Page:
Water World

Have you ever practiced the physical difference in the qualities of Earth, Water, Fire, Air and Space?

Baron Baptiste talks about The Principles of True North Alignment in his Power Yoga practice. These principles are fundamental cues for speaking to our physical alignment, as well as – or in conjunction with – the alignment of our physical, mental and spiritual worlds.

I’ve always felt like quite a grounded individual. I move from my base, I make decisions with my gut and my sense of the spiritual has always been bedded down with a heavy cloak of reasoning and logic. Call me a typical Virgoan – if that’s your thing – but if I had any more earth in my being I’d probably start growing roots and plant myself. I love being close to the ground, this is when I feel the most free, my most authentic. Being a relatively short person most of my life, you’d think I’d be craving length and flight.

And you’d be right. I’ve discovered my body’s own true intelligence. And guess what: it already knows what is best for it.

Throughout this yoga teacher training I seem to have unlocked one of the big reasons why I thrive so much on the kinaesthetic experience of life. In yoga asana we talk about grounding down through our base in order to create space and freedom in our spine. In yogic meditation we speak to sitting in concentration, with focus in order to release our spirit from the burden of the mind. In a spiritual practice we might focus on finding support and stability in our life, to allow our hearts to open to the possibility of the divine.

sthira sukham asanam

– Sutra 2.46: The posture (asanam) for yoga meditation should be steady (sthira), stable, and motionless, as well as comfortable (sukham).

My default is sthira. I’m really good at that. So good, in fact, that I’m also exceptional at inaction. However, through this training I have realised that finding sukham and freedom within this is something my body, and my mind, craves. Possibly one of the biggest shifts in my physical practice has been in exploring a sense of fluidity, a water-like quality. I am now that student who appears like they can’t sit still in class. I’m often adjusting and moving in and out of the edge of my postures because it feels good. It also means that when I do find steadiness, stability and stillness, something lands much more authentically. I actually arrive in the posture, in the moment.

Water in it’s natural state always finds the path of least resistance. It’s not confrontational. It abides by it’s own natural laws, without question, without doubt. It just is. And yet, it is determined to go somewhere, to keep a constant forward motion, to arrive somewhere new. Even upon arriving, it immediately lets that go and keeps on in its relentless quest for something more, something beyond.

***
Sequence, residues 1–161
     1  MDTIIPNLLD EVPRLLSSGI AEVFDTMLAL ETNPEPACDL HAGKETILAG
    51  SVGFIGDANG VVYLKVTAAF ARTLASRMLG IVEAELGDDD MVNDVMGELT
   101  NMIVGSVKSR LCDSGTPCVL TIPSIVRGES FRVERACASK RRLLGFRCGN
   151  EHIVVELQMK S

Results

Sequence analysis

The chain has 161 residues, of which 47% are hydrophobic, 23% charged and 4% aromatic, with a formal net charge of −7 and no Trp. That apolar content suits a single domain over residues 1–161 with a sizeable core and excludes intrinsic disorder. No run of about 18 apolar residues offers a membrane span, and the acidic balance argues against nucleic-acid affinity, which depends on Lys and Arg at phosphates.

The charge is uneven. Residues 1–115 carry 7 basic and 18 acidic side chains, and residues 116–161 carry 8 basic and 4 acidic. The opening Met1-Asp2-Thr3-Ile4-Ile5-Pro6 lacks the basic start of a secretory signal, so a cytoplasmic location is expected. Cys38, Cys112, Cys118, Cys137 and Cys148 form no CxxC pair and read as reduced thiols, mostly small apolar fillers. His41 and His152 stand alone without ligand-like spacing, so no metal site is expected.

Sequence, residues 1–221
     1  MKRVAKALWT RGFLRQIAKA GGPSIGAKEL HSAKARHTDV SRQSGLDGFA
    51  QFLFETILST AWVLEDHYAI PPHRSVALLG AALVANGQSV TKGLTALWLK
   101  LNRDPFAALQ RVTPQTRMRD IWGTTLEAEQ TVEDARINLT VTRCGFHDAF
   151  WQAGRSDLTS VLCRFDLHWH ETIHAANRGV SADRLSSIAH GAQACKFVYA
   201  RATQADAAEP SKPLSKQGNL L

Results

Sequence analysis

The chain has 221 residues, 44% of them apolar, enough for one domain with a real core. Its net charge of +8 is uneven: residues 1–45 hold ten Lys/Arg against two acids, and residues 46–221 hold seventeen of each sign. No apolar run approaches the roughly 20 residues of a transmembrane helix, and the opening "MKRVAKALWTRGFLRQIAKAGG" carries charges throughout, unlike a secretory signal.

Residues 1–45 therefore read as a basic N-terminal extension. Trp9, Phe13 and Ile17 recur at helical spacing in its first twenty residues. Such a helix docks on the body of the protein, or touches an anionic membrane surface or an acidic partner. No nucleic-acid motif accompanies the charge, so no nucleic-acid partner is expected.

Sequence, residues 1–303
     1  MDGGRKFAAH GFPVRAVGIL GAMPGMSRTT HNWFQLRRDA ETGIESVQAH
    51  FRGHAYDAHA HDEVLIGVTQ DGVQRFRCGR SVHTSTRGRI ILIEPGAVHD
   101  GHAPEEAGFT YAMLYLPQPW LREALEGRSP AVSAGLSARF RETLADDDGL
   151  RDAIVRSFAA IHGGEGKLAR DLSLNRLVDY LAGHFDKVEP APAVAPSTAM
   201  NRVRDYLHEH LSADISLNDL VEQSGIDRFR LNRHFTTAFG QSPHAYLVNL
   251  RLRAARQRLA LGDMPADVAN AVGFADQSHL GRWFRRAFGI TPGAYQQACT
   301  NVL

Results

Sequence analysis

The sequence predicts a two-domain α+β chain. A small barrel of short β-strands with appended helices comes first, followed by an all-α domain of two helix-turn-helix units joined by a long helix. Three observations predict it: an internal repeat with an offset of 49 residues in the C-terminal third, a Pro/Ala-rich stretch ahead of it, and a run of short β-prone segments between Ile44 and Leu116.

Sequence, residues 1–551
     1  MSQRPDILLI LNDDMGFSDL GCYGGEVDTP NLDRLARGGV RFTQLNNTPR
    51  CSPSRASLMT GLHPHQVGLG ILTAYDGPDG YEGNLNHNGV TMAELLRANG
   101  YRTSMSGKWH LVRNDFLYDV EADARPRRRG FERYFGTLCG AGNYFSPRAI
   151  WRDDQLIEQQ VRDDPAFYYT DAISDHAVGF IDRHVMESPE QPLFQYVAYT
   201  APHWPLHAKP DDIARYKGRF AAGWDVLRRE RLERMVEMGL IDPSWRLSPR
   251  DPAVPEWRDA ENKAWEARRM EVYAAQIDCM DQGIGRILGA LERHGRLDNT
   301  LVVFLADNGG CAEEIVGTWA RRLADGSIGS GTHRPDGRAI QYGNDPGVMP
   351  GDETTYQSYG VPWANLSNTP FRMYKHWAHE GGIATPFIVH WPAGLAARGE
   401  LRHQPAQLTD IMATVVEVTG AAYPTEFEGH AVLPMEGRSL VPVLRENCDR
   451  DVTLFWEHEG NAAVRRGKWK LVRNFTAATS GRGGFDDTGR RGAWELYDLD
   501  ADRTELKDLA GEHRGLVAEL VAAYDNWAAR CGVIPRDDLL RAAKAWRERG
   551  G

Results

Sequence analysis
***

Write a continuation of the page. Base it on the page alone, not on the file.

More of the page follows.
Consider this…

You are not that which gives rise to what the body can do. You are not the body, yet it has it’s own intelligence. What comes with this idea is the dread of death, illness and time-wasting. But this is not the case: you are that which is behind your body.

The body needs maintenance and a lot of attention. It gives you a location. But we do not start and end with it. It has its own destiny – it is our vehicle to ride to our own true destiny.

Many people believe that they are trapped in the torture of the ‘cage’ that they are housed in. But if you look at a child, this idea is absent. Children are fluid by nature. They don’t get in the way of themselves. However, what comes with this fluidity is their openness: they are highly impressionable. Tensions that arise in an adult may have been born out of hereditary conditioning. Consider that in later life, you will be moving just as your parents do in their later life. I was relieved to hear my own mother say to me a couple of days ago after struggling bravely through her very first yoga class, ‘You girls (my sister and I) are so much more supple than I ever was at your age’. But this does not mean that either of us escaped playing that mirror game of physical and mental tension with our parents.

Through yoga, we are attempting to lift the veils of maya so that we can see our true selves. While some view maya as meaning that nothing is real, and turn this into a cold-hearted intellectual practice, others view the illusion of maya as being shakti, the creative force of the universe – a divine mist in front of our eyes that obscures our vision of the truth. 

Sutra 1.12 These mental modifications are restrained by practice and non-attachment.

Sutra 1.13 Of these two, effort toward steadiness of mind is practice.

Sutra 1.15 The consciousness of self-mastery in one who is free from craving for objects seen or heard is non-attachment.

Sutra 1.3 The the Seer (self) abides in His/Her own nature.

As adults, therefore we need to come back to that child-like source of fluidity, and for some of us – certainly, me being one of them – yoga is that access point. The promise of yoga is freedom, is Being-ness, is our plug in to our natural state. It allows us to undo these tensions or habits – those that actually don’t even belong to us! – so that we live in our story, not one that we have adopted.  

This is your body, your mind, your life. Here and now.

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The Practice of Teaching

What is yoga teaching?

Are we really what or who we say we are?

Or can we simply allow things – ourselves – to arise and just see what comes up?

 

‘When you teach from your own practice it resonates more profoundly with your students.’ As a primary school teacher, this was a revelation for me as often you need to keep you as ‘Teacher’ and you as a ‘Human Being in The World’ quite separate. Clearly, it is all too easy to be blocked by my own ideas of what ‘teaching’ is or what it should be.

New teachers often have a natural ability to or affinity with trial and error. They don’t necessarily have the density of experience weighing on them. Of course, they have a gammett of other weights dragging them down – am I good enough? Do I know what I’m doing? Will people like me?

We have to let ourselves off he hook to be who we are as yoga teachers so that our students feel they have the space to do the same.